Together, they could leverage their significant legal and political clout to pressure the province to ante up a settlement that fully integrates the FNs and makes them dependent on the economic sustainability of Whistler.
In so doing, the values that Whistler wants expressed in its future development would appeal to the FNs. In light of this, it's entirely counter-productive to appeal the OCP decision.
The appeal means that the RMOW and the FNs continue down the path of frustration and conflict. At the end of the path the FNs will have little interest in doing anything for the sustainability of a community that has shut them out.
They might be very happy to kill the goose. And with the incredible legal leverage they now have over all Crown lands they may just have the cleaver with which to do it.
Ironmen for Canuck Place
On Friday, June 27 the Pan Pacific Whistler Ironmen for Canuck Place Children's Hospice held a Spinathon in Village Square and, despite the rain, raised over $3,000 towards its $10,000 fundraising goal.
We would like to extend a huge thank you to all of our generous bike and class sponsors, to all those who attended a spin class, to The Core for allowing us to use their spin bikes and instructors throughout the day and to Ash McMillan who completed all seven spin classes in a pink tutu!
We are grateful to each of the following partners for their generous donations – Pan Pacific Whistler, Gibbons Life, Whistler Construction Company, Origin Design and Communication, Michael Wallent, Bill Geddes, Whistler Skydiving, Saladworks Canada, Rona, Don Prins, Bananamay Bodyworks, Dubh Linn Gate Irish Pub, Slope Side Supply, Ziptrek EcoTours, Canadian Wilderness Adventures, Helly Hansen, Whistler Village Sports, Buffalo Bills, Starbucks Coffee, Uno Digital Printing, Sea to Sky Couriers, Ric's Grill, Lululemon, Fanatyk Co, Four Seasons Resort Whistler, John Blok, Andy Robinson and Christine Suter.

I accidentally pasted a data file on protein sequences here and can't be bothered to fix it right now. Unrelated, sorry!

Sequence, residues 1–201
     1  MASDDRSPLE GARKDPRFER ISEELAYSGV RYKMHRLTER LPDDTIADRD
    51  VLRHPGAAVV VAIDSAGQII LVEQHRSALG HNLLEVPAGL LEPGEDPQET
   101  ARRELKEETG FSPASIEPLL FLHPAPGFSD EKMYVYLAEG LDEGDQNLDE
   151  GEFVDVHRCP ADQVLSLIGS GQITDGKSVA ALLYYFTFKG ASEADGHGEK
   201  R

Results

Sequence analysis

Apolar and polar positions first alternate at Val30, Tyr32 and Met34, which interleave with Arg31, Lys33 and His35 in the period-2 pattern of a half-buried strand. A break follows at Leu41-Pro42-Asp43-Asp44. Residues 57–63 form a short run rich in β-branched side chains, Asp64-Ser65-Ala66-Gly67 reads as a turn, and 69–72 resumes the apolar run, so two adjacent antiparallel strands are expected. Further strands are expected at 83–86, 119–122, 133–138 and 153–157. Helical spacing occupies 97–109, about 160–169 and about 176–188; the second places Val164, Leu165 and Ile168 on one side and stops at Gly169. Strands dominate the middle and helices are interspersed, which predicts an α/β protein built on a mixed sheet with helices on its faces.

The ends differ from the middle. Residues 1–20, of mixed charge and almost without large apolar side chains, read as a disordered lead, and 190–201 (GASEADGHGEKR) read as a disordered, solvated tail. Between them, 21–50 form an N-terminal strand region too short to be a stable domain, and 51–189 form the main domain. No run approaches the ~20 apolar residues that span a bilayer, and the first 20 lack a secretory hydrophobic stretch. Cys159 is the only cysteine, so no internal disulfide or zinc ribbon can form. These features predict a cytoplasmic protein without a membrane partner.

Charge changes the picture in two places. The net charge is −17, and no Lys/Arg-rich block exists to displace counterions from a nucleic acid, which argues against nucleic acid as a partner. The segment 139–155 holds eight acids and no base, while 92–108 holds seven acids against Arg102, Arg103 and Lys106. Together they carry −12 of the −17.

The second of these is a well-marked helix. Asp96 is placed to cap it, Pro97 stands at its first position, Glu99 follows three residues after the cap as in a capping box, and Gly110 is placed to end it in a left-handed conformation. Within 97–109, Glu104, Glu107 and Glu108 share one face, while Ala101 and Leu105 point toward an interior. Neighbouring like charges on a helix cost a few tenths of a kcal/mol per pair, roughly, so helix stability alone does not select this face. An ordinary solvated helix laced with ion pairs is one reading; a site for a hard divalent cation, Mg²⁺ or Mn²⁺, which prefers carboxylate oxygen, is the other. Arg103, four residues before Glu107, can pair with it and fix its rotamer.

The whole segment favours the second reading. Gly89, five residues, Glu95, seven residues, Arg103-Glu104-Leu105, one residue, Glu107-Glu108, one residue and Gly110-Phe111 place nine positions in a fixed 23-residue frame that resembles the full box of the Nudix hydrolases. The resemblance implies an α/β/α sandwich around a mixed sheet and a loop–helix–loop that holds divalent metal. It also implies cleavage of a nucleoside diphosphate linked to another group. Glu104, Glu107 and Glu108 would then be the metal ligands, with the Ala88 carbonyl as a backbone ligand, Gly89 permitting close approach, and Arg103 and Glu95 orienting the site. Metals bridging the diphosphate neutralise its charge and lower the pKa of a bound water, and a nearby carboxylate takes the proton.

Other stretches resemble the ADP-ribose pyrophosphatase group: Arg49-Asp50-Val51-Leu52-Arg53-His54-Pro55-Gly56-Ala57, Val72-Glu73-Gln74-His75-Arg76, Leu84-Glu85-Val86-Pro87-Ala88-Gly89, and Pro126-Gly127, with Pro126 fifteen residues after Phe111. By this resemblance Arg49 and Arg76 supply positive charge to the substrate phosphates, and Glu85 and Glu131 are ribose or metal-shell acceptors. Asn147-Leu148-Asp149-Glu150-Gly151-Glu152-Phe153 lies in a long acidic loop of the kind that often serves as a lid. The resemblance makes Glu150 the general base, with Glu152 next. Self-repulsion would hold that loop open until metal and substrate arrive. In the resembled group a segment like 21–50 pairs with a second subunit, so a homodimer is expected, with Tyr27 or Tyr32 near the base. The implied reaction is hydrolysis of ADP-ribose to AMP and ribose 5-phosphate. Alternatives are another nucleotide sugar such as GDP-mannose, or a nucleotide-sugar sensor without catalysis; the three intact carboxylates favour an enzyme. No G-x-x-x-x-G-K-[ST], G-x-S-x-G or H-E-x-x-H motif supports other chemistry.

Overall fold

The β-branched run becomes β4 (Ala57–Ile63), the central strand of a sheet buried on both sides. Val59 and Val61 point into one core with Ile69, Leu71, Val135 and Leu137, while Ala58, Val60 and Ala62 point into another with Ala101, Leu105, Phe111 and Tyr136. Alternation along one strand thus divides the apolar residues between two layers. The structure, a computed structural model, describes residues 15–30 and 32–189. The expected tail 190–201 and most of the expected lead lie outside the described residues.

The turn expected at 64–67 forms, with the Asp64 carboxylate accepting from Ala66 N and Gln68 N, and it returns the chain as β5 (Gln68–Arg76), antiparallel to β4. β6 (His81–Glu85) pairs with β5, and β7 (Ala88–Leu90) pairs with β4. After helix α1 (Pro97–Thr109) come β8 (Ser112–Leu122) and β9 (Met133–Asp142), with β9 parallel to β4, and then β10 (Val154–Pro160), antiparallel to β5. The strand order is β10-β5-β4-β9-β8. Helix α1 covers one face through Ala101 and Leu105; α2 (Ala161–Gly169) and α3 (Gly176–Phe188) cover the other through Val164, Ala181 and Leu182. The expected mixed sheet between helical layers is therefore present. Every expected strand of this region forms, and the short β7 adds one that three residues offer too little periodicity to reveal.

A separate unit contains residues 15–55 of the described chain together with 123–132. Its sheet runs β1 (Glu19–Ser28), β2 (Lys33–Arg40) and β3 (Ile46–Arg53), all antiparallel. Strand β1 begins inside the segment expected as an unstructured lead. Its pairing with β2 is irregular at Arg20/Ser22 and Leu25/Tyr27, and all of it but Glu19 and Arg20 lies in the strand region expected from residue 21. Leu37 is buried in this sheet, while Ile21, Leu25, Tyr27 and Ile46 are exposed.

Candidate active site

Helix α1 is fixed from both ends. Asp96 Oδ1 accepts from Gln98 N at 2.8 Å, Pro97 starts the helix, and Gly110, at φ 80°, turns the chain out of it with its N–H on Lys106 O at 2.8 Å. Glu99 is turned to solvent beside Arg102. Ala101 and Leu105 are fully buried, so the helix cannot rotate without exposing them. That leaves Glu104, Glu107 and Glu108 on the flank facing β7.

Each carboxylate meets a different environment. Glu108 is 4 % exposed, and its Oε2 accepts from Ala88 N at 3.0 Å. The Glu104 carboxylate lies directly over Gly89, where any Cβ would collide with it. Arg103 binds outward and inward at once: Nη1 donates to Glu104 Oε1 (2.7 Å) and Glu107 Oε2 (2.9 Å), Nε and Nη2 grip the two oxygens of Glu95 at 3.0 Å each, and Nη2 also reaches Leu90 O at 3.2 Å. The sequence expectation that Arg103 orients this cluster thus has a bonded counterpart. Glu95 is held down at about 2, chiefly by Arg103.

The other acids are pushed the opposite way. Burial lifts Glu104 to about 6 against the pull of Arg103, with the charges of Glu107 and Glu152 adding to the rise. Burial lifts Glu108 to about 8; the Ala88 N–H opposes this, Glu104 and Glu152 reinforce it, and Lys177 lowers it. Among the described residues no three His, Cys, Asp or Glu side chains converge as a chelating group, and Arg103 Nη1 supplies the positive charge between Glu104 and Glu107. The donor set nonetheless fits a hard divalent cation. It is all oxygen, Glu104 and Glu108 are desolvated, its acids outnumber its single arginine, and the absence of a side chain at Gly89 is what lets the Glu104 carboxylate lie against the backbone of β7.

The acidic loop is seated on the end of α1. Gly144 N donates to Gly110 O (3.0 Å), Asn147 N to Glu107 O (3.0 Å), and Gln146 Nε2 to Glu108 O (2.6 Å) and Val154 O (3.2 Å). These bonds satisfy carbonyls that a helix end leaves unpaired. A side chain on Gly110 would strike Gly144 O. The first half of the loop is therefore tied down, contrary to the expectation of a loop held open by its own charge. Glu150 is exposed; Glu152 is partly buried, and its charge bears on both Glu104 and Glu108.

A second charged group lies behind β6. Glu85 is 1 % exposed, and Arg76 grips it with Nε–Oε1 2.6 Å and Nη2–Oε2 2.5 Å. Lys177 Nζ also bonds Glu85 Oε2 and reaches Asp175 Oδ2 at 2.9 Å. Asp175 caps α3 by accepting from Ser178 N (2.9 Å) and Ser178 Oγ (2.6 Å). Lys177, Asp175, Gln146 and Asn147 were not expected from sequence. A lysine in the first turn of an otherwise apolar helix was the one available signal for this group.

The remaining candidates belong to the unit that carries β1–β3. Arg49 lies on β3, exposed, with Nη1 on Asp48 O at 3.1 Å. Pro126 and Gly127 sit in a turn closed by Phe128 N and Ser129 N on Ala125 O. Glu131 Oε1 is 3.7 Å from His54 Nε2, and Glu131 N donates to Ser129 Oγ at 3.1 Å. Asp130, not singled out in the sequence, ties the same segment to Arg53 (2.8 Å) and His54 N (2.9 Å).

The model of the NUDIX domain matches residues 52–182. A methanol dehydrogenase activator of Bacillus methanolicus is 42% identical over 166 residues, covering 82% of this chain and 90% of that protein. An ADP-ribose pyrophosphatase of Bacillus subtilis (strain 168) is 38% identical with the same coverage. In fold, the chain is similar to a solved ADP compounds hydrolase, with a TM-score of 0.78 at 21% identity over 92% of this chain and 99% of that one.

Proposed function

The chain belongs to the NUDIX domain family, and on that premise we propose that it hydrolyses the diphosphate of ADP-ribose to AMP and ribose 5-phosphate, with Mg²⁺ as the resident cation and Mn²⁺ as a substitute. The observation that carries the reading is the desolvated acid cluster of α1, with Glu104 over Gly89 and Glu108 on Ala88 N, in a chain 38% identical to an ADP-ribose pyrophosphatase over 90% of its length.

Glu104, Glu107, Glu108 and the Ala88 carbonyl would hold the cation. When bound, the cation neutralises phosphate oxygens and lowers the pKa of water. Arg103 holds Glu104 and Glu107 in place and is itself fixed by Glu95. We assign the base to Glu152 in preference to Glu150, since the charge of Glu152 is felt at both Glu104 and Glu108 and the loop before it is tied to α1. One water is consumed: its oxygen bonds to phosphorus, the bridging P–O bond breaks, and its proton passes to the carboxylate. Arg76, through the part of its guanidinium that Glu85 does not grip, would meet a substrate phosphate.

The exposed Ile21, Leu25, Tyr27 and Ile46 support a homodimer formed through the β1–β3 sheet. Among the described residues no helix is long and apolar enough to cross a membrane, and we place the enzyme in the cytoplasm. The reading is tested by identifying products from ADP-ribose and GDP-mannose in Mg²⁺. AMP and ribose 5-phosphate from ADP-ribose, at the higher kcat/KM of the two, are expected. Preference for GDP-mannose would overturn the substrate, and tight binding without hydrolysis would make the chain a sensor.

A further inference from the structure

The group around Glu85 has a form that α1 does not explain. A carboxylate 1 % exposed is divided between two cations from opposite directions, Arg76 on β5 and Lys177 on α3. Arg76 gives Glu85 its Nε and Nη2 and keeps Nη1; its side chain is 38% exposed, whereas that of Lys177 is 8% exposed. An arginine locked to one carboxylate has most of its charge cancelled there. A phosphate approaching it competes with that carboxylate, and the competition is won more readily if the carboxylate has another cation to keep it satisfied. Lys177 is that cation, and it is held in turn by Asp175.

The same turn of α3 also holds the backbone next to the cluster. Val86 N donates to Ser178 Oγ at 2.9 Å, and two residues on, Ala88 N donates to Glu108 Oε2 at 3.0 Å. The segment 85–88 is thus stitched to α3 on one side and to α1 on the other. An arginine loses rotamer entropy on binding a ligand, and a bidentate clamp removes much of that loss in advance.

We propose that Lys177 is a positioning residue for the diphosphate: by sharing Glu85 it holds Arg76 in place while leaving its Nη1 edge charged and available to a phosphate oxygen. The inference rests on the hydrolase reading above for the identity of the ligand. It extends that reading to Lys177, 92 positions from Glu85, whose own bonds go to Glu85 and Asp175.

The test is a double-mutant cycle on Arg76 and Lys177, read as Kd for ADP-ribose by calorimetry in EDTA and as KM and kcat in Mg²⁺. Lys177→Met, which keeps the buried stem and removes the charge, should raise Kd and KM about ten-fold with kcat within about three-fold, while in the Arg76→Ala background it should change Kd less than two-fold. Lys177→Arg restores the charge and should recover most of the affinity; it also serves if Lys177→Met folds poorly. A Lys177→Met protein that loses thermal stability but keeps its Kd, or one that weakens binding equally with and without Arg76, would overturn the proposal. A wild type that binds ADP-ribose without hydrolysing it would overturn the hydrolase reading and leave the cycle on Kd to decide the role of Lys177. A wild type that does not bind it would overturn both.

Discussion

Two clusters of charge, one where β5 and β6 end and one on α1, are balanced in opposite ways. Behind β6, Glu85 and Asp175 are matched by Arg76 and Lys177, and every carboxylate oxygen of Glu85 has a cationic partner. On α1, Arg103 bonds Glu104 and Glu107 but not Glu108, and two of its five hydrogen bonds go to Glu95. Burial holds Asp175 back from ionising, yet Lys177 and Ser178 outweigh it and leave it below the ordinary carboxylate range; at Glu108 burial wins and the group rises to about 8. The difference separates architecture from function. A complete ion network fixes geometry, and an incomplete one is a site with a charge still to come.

Our next fundraiser will be a hog roast this Saturday, July 19, from 5 p.m. at Dubh Linn Gate Irish Pub. Tickets can be purchased for $30 in advance, with $10 from each ticket, being donated to our cause. There will be a couple of B.C. beers available with $1 from each purchase being donated and Ruckus Deluxe will be playing at 8 p.m.
The Pan Pacific Whistler Ironmen for Canuck Place Children's Hospice are two associates from Pan Pacific Whistler, and two husbands of associates, who will be competing in Ironman Canada on July 27.
Not content with just running in the race they have also set themselves a target of raising $10,000 for Canuck Place Children's Hospice! All funds raised will be donated to Canuck Place Children's Hospice.
You can find us on Facebook (Pan Pacific Whistler Ironmen for Canuck Place Children's Hospice), or follow us on Twitter (@ppwironmen).
Once again, thank you all!
Zoé Martin, on behalf of the Pan Pacific Whistler Ironmen Team
Thank-you to the Arts Council
Thank you for the Whistler Arts Award. It really pushed me to do my best and it meant a lot that I won this award. I truly appreciate all the hard work and time you put into this community. Thank you for bringing the joy of art to Sea to Sky.
Sierra Grant, Grade 8
Whistler Valley Trail Run says thanks
The 23rd Whistler Valley Trail Run was run by a few dedicated souls on Sunday, June 15. The clouds and rain held off and we had another run in the sun!